If you want to know how relevant DHI has been on the field, the 2010 iteration of the Steelers defense was tops in DHI, as well as the Super Bowl winning Steelers squad in 2008 and Giants squad in 2007. Our lofty expectations for our defensive front are certainly understandable – the standards were set by years of sustained excellence – but a drop-off was inevitable sooner or later.
So how much did we drop in 2011?
Our DHI was below average, checking in as just the 8th best out of the 12 playoff teams and 19th overall in the NFL. Giving up 4.0 YPA was still solid but not stellar (9th in the league), while a NPP% of 8.14 rated 26th in the league, and conceding on 38.91% of 3rd downs checked in at 19th in the league.
In CHFF’s preview of our Wild Card matchup, they said:
Denver is a team that may be able to exploit Pittsburgh’s uncharacteristically weak Hogs. Between the no. 1 ranked rushing attack by volume and Tim Tebow, who spearheaded the Denver’s 7-1 streak by producing very few negative pass plays, Denver has a chance to take advantage of Pittsburgh’s weakness and pull off the upset.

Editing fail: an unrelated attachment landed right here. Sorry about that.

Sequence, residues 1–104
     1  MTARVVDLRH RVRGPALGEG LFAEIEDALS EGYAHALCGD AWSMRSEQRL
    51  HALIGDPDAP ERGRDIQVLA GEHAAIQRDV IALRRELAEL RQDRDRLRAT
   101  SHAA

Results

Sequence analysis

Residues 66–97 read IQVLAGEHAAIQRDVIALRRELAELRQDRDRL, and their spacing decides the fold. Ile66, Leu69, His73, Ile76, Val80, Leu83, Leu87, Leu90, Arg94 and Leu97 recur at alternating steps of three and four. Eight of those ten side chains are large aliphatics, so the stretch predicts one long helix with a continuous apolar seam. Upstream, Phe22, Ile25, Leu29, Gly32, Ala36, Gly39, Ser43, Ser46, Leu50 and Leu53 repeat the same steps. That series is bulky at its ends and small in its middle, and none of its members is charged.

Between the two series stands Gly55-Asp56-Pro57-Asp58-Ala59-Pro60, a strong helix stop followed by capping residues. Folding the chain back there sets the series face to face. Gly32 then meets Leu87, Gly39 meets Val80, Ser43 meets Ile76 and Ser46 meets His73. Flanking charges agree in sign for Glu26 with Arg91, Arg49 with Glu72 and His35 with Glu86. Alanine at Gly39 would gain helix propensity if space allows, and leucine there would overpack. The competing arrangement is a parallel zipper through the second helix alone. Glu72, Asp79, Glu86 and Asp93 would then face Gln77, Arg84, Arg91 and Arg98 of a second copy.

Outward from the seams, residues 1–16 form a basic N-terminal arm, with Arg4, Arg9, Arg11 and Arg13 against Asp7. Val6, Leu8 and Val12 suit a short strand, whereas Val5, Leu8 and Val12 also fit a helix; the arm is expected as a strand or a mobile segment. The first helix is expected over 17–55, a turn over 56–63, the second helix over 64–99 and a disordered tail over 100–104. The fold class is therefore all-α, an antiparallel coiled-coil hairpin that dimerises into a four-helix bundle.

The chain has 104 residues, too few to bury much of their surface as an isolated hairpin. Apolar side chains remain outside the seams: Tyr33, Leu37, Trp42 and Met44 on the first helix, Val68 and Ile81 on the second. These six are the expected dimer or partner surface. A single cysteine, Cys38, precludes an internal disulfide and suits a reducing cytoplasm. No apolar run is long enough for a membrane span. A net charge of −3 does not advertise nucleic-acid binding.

Of course, Pittsburgh’s weakness up front can at least partially be traced to the injuries Pittsburgh dealt with. Pittsburgh’s star linebackers (Lamarr Woodley and James Harrison) have not both completed a game since September. Having the two back and healthy could very well spark a Defensive Hog resurgence.
I, for one, took it for granted that their return would indeed spark a resurgence. But given the circumstances (again, injuries to Hampton and Keisel) that clearly was not the case. Coach LeBeau caught some criticism around the professional and amateur analyst circuits for repeatedly calling formations that were selling out up close while leaving no safety help downfield. You could draw the conclusion that he did not respect Tebow’s passing game (which no one did going into the contest), and that LeBeau erred by neglecting to adjust the scheme as the game progressed. But perhaps you could also conclude that he was not confident in the front seven’s ability to control the line of scrimmage based on what he saw as the game progressed – Denver scheming to specifically negate Harrison and Woodley, and three young guys on the DL who’d had to play just about every down without rotation.
The young trio could’ve been worn down – physically and/or mentally – in the tight playoff matchup. It is perfectly understandable and regrettable, given the circumstances. But nonethless, the onus was on them to perform and be playmakers – at least that’s the takeaway that I got from Wolfley’s piece up top.